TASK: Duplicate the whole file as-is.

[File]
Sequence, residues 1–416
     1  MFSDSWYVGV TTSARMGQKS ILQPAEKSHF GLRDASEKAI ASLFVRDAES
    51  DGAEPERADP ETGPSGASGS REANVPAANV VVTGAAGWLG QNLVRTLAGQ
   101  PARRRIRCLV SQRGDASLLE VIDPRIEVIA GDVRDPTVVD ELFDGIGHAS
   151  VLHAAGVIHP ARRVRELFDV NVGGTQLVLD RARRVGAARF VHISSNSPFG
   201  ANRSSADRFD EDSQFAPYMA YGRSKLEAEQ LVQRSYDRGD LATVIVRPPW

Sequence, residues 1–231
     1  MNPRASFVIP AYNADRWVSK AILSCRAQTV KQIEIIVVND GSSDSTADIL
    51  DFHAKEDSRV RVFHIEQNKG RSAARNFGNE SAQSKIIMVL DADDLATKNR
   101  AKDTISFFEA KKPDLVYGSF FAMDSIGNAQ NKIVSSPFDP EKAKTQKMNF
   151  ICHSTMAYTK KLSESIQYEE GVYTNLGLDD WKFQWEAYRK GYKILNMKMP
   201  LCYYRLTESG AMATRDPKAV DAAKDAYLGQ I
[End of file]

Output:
Sequence, residues 1–416
     1  MFSDSWYVGV TTSARMGQKS ILQPAEKSHF GLRDASEKAI ASLFVRDAES
    51  DGAEPERADP ETGPSGASGS REANVPAANV VVTGAAGWLG QNLVRTLAGQ
   101  PARRRIRCLV SQRGDASLLE VIDPRIEVIA GDVRDPTVVD ELFDGIGHAS
   151  VLHAAGVIHP ARRVRELFDV NVGGTQLVLD RARRVGAARF VHISSNSPFG
   201  ANRSSADRFD EDSQFAPYMA YGRSKLEAEQ LVQRSYDRGD LATVIVRPPW

Sequence, residues 1–231
     1  MNPRASFVIP AYNADRWVSK AILSCRAQTV KQIEIIVVND GSSDSTADIL
    51  DFHAKEDSRV RVFHIEQNKG RSAARNFGNE SAQSKIIMVL DADDLATKNR
   101  AKDTISFFEA KKPDLVYGSF FAMDSIGNAQ NKIVSSPFDP EKAKTQKMNF
   151  ICHSTMAYTK KLSESIQYEE GVYTNLGLDD WKFQWEAYRK GYKILNMKMP
   201  LCYYRLTESG AMATRDPKAV DAAKDAYLGQ I